I met the anesthesiologist, who was incredibly nice and made me feel very secure. She explained that although this procedure is done under general anesthesia, they don’t typically use any breathing tubes at CCRM, which has been my least favorite part in the past. Waking up with a sore throat is never fun.

I kept an eye on the clock. It was 7:28am when Dr Gustofson (the physician performing retrievals for that day) came in to discuss the risks and benefits of the procedure. He ended with a question he has to ask all patients, “Do you want to change your mind?”…..

OF COURSE NOT! No way I would put myself through everything I just did, just to change my mind. I am certain he has never heard ‘yes’ to that question before! He smiled and told me he would see me a while later. I never did end up seeing him later, but that is okay.

At 7:35am (and yes, I was getting anxious when the clock started ticking past 7:30am), the anesthesiologist came in and gave me some medication to relax me (fentanyl, maybe?) and rolled me into the surgical suite. The last thing I remember is the anesthesiologist pointing to a window on the other side of the room and telling me that this was where the lab is that my eggs would be passed off to. And then I was out…

I woke up to an itchy nose, like always. The best thing for this is chapstick! Easy application and makes the itching go away. I was still pretty loopy at this point but the embryologist came to talk to us.

The news she gave us had me in tears. THIRTY TWO eggs retrieved!


In my three retrievals in Jacksonville, I had a total of 22 retrieved. This was such a big improvement and way more that the 17 and 15 that Jay and I had predicted, respectively.

So that was it for the day. We wouldn’t get an update until the next day. So I got dressed and off to breakfast we went.

If you are ever in a city with a Snooze, do me a favor and please just go! You will not regret it..

We ordered the two plates on the left but our waitress gave us a free blueberry cheesecake pancake on her. It was as amazing as it sounds.

I kept it pretty low key the rest of the day. I actually was in quite a bit of pain which may have been partially attributed to OHSS or Ovarian Hyper-Stimulation Syndrome. Either way, I got through it without needing to be hospitalized, so I guess I did well in the end.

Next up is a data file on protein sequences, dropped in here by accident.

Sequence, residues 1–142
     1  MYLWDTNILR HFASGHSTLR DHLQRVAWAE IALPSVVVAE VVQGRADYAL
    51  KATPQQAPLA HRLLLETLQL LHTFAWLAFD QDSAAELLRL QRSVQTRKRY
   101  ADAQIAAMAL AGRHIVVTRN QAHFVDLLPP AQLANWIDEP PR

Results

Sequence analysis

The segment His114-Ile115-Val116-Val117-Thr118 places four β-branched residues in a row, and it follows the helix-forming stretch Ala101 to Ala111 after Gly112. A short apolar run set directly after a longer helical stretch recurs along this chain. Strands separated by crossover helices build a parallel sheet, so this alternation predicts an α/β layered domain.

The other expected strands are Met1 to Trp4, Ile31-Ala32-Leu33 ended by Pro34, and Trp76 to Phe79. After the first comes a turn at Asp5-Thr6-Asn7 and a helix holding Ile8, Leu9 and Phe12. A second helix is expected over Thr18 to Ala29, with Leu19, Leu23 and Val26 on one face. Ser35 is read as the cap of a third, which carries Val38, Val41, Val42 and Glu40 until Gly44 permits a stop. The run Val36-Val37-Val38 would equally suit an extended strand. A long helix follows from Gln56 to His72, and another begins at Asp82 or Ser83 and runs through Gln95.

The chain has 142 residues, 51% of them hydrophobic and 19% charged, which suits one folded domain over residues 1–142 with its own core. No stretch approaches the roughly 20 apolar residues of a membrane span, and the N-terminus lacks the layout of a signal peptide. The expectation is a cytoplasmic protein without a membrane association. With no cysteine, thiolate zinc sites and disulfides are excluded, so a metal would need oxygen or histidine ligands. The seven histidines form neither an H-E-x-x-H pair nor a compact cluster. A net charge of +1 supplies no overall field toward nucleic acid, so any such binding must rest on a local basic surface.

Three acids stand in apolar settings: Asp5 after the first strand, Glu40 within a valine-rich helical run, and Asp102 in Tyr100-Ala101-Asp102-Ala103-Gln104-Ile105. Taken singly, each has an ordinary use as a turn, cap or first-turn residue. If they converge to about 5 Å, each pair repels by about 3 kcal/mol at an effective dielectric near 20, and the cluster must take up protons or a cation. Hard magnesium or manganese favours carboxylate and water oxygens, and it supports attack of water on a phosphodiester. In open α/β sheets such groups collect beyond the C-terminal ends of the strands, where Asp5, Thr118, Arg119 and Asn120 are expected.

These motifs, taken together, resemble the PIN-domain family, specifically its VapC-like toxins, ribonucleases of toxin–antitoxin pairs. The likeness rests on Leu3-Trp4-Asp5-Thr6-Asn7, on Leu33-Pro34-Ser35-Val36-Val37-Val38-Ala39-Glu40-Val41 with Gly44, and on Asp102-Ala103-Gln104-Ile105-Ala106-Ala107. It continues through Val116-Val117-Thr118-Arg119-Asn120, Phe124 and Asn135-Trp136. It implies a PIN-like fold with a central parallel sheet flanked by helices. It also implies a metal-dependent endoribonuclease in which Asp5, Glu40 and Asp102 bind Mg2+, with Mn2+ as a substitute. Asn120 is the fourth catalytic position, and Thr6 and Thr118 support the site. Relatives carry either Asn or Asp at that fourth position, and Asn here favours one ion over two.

The next day, Wednesday the 21st, I woke up around 8:30am to my phone ringing. It was CCRM! I didn’t expect to hear an update so early, but I’m not complaining 🙂

We got good news at this point as well. Out of the 32 eggs retrieved, 20 of them were mature and able to have ICSI performed on them. ICSI is also known as Intracytoplasmic Sperm Injection. This procedure is done when there are any male factor issues that may be contributing to infertility, such as low sperm count. During this procedure, one sperm cell is injected into each egg cell. This procedure is performed around 4 hours after retrieval.


So as I was saying, the embryologist was able to perform ICSI on 20 eggs. Out of these, 17 of them fertilized normally and were beginning to grow into embryos! WOW was all I could think. That is an 85% fertilization rate which is stellar! We were thrilled but that was the easiest wait.

The next update would be how many of the fertilized eggs made it to the blastocyst stage by day 6 after retrieval. A blastocyst is defined as an embryo with differentiation of cells into two main parts: the inner cell mass that would eventually become the baby and the trophectoderm which would eventually become the placenta.

In our three prior IVF cycles, we have never seen a blastocyst. We always transferred embryos on day 3, when they are 4-8 cell structures. Whatever we had leftover after the transfer was watched but they never grew.